Swales are also commonly used in conjunction with other water catchments, especially dams, ponds and gray water systems. They can serve a few major functions in these combinations. By attaching swales to dams, we are able to increase the water catchment area feeding the dam, such that the swale will fill the dam as with water that would normally go elsewhere. Swales also perform the opposite function, taking on the overflow of dams that have reached capacity and spreading and soaking the excess water across the landscape. In these overflow systems, swales allow for the specific placement of level sill spillways, which set the water level on the dams, and this allows the overflow to be passively released wherever is advantageous for design. Otherwise, spillways are simply put beside the dam wall and allow water to continue its journey downhill. Using swales can vastly improve the water availability of dams, as well as the usefulness of overabundant water harvesting in them.
But, water isn’t the only function of swales, and it is, in fact, imperative that they be regarded as a tree growing system. Swales without trees can possibly be even more damaging than the flow of water they have pacified. In some climates, they can potentially oversaturate the landscape, leaving a designer with difficult growing conditions. Trees, however, will moderate the saturation levels, utilizing the water deep into the soil as opposed to having it collect and cause problems. The other reason trees are vital to swale systems is that their roots stabilize the landscape, especially the berm, that loose pile of soil build on the downhill side of the swale, and the backside of the excavation. In effect, swales only make sense when they are used to cultivate trees, as in a humid climate they would probably overcharge the ground with water and in a bare, arid climate the system would likely fill, erode, and evaporate very quickly.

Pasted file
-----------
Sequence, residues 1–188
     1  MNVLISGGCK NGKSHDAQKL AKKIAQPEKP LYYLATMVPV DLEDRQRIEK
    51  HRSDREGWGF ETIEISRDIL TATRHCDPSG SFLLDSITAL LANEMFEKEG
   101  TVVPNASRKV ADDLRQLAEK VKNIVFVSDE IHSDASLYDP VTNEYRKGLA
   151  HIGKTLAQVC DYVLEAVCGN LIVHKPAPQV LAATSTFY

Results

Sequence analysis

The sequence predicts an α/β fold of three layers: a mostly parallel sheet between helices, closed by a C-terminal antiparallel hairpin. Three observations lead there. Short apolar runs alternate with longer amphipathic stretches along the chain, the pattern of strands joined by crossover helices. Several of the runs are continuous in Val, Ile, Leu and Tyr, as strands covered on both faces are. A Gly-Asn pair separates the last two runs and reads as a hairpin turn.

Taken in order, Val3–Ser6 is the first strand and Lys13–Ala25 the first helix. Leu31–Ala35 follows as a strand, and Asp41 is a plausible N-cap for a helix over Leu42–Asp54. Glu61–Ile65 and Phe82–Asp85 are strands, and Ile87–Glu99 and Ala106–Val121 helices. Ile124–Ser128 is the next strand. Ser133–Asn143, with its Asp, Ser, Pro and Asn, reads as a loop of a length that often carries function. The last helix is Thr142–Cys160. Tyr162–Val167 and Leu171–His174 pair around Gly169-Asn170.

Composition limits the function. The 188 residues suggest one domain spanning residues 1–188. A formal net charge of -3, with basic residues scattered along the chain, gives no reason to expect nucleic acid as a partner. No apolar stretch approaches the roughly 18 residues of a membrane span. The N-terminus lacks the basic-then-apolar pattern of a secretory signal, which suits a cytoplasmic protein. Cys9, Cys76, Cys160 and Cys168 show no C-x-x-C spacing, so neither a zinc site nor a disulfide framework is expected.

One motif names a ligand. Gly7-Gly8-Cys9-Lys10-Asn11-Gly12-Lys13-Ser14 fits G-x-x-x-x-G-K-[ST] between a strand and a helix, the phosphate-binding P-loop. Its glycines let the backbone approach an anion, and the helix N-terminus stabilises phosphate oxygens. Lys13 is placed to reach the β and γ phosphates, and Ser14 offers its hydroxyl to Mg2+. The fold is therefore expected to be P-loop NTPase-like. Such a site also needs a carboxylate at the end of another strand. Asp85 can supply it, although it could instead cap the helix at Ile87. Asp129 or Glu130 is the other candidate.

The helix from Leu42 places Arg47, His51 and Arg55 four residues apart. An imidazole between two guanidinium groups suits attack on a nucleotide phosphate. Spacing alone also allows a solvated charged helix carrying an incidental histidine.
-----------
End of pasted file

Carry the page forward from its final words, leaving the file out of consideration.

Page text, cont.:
How to Use Swales Appropriately